the AU interview: Jeff Lang (Australia)


I recently had the opportunity to chat to one of Australia’s most respected musicians, Jeff Lang. We chat about his new album Chimeradour, and look ahead to his performance at the Snowy Mountains of Music Festival.

Thanks for chatting to us Jeff! I’d like to start at the very beginning – where did you first pick up the guitar, and what was that guitar?

My first guitar was a nylon string acoustic that my older sister had discarded. It was pretty ropey and had a couple of broken tuning pegs, so I tuned it by ear in an open chord and did my best with it in the state it was in. It took a while of working a part-time job to afford an electric guitar – with all six tuning pegs – but I still stuck with the same open chord tuning for another year before someone showed me “standard” guitar tuning.

You’re well known as a slide guitarist – when did you move into that territory (unless that WAS the first guitar!)?

I started playing both regular and bottleneck style slide, and then about 2 or 3 years later I found an old Japanese lap steel in a local music store so I started lap slide then.

Who did you look to for musical inspiration (lyrically or otherwise) when you first started, and do they continue to inspire you today?

Some of the earliest influences were Bob Dylan, Ry Cooder, Leo Kottke, AC/DC, Led Zeppelin, Roy Buchanan and Neil Young. And yes, these and many other artists still inspire me to this day.

I understand that in addition to the guitar, you play a wide variety of instruments – what are they and are there any others that you’d love to one day master?

Well, all the various instruments I play are related to the guitar in that they’re all stringed instruments and all plucked, not bowed. No violin yet for me! There’s mandolin, tenor guitar, a turkish instrument called a Chumbush, Glissentar (sort of a hybrid instrument that’s a cross between a guitar and an oud), and banjo in addition to the various acoustic and electric guitars that are either fretted or fretless, or for slide playing. As far as “mastering” any of them goes, I’ll get back to you when I’m 80 and let you know that I’m STILL not there!

How does the Jeff Lang live experience compare to the Jeff Lang recording experience – for both you and the crowd?

Well for me I just come to play whether I’m recording or in front of an audience. It’s always fun to play. There is a more direct, visceral edge to playing live though, but I wouldn’t say that enjoying one negates my enjoyment of the other. As far as the audience goes I’m sure that the physical presence of a performer gives a gig an extra element that adds to the experience, but I try to make the recordings have as interesting a mood as possible so when you’re not at the gig there is enough there to take you somewhere.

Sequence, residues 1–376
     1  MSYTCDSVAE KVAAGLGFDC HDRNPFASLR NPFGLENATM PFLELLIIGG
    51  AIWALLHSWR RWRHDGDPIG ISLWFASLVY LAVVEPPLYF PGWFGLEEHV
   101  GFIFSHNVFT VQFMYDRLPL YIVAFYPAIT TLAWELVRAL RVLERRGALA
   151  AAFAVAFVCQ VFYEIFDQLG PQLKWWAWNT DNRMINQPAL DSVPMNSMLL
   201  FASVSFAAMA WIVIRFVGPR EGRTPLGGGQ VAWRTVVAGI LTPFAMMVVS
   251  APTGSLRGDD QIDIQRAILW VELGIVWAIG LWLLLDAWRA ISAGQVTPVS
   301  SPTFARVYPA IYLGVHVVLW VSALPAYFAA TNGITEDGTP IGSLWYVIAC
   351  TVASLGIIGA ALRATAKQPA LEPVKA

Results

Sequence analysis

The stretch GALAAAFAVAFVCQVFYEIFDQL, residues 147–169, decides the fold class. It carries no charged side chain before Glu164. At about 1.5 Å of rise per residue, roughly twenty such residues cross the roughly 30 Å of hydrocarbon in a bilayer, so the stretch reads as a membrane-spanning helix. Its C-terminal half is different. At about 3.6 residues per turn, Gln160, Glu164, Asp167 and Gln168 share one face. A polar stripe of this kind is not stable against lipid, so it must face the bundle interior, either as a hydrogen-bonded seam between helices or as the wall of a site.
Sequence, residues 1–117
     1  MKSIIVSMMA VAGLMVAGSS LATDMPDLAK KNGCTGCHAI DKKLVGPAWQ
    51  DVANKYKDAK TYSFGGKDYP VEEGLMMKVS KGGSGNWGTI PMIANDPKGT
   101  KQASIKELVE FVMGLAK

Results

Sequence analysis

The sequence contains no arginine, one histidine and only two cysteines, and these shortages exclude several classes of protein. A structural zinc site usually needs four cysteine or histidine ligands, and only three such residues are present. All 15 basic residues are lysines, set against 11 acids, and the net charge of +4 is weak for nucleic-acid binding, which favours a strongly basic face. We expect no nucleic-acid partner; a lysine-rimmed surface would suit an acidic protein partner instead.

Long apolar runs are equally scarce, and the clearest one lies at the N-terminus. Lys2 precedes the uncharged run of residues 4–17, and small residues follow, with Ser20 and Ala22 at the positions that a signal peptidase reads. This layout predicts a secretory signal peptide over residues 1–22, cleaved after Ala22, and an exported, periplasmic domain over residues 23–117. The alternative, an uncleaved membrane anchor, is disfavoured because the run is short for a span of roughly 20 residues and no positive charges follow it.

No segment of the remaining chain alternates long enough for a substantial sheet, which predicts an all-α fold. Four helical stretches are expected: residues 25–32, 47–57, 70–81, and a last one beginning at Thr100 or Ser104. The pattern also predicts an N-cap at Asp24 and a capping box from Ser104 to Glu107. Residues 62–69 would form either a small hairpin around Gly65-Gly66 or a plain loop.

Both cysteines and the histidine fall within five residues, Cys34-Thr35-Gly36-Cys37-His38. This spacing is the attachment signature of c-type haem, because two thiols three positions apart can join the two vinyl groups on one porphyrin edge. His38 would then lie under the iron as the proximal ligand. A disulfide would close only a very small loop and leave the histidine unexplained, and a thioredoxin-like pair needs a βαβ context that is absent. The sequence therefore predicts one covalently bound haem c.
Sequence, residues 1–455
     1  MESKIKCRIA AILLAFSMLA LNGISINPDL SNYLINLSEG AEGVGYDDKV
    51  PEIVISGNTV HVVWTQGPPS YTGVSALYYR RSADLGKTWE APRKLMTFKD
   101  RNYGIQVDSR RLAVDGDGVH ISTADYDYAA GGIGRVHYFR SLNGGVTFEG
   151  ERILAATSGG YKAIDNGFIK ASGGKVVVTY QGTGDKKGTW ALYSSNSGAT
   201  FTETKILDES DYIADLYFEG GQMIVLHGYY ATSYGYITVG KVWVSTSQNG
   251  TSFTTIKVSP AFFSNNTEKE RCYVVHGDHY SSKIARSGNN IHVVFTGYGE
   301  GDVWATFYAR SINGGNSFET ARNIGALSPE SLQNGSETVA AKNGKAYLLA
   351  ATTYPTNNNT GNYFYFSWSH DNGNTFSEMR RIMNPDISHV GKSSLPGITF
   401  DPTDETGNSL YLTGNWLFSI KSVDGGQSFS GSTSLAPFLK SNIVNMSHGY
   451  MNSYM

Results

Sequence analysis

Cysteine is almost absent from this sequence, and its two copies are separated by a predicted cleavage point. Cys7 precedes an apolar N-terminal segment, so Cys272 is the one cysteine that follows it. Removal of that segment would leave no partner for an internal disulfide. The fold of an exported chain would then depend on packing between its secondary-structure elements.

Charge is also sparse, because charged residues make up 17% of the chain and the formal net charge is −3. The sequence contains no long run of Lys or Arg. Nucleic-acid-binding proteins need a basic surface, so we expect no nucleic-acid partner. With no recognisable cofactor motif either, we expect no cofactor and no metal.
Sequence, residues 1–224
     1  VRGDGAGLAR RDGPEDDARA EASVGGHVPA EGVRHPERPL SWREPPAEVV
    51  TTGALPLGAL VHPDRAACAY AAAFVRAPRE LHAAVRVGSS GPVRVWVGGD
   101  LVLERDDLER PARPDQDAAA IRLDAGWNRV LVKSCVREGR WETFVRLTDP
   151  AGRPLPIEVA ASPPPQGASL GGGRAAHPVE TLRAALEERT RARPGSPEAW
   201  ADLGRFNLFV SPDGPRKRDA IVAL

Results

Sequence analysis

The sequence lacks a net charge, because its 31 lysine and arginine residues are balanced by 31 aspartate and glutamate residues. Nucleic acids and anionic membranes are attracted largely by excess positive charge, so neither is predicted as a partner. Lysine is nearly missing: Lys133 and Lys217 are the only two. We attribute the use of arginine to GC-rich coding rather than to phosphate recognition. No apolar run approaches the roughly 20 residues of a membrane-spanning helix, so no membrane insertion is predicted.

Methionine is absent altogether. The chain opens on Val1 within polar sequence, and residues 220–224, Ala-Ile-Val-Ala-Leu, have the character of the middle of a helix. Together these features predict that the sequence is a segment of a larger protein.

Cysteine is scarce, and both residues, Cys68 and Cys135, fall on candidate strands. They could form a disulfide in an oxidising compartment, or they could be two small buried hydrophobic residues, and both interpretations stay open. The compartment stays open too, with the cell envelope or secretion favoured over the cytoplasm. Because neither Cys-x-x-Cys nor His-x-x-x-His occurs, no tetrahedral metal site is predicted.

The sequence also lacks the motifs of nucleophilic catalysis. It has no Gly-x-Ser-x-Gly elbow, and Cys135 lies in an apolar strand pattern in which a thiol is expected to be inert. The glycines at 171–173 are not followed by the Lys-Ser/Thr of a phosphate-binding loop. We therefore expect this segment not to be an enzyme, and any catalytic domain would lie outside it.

You’re playing the Snowy Mountains Music Festival next month – it’s sounding like quite the unique event, what are you looking forward to most about the shows? Have you heard much about the first year?

I’ve not heard much, but hell, how bad could it be? Come up to the mountains, play some music for people with a great band… Can’t wait!

What can crowds expect from your performances at the festival? I imagine you’ll be featuring your most recent album, Chimeradour?

I will be playing plenty off the Chimeradour album along with a selection of songs from the various recordings through the years. It’s different every time.

Can you tell us a bit about Chimeradour? How does it compare to your previous releases and what was the recording process like?

I really wanted to exploit the dynamics of the band and I was lucky to write a bunch of songs that really suited this “live-as-possible” style recording, which meant that every song is a two or (mostly) three-piece performance with all the solos and lead vocals going down at once with minimal extras. Sometimes there’s some backing vocals added, an extra background guitar part here and there, but for the most part it’s a live-in-the-studio trio recording. Mark Opitz did a great job capturing the sounds of the instruments well, so there was hardly any EQ-ing needed in the mixing.

You’ve been a non-stop touring machine over the years! Where have been some of your favourite places to play?

Oh, anywhere there’s an audience that is keen to go on a trip with us through the music is fine with me! Sounds like a cop-out but it’s true.

I note you’re heading to France shortly after the Snowy Mountains Festival. Is this a return?

Yeah It’s the fourth tour there for me. First time with a band, it’s been solo before this one.

What have your experiences been like there, if so. How do French crowds (or European crowds in general) compare to Australian crowds?

Can’t do as much talking between songs, or if you do people can’t understand you very easily!

The Australian Music Industry has changed drastically over the course of your career – is it for better or for worse?

I think in general for the better.

And finally – as you see more on the road than most, which artists, Australian or otherwise, should we be paying more attention to?

SO many great artists around right now. Downhills Home are a great band with fantastic songs. Liz Stringer, Jordie Lane, Jimmy Dowling, Suzannah Espie, Matt Walker and Sime Nugent are among my favourite songwriters, C.W. Stoneking is a fantastic singer with a great sound, same with Ian Collard and Hat Fitz. There’s too many to name them all…

Jeff Lang is playing at the Perisher Snowy Mountains of Music Festival on the June long weekend – 11-14 June. 4 Day Festival Pass only $99 or festival/accommodation pass including pass + 3 nights accommodation, bed & breakfast – on the snow from $299 if you book before 21st May.

Larry Heath

Founding Editor and Publisher of the AU review. Currently based in Toronto, Canada. You can follow him on Twitter @larry_heath or on Instagram @larryheath.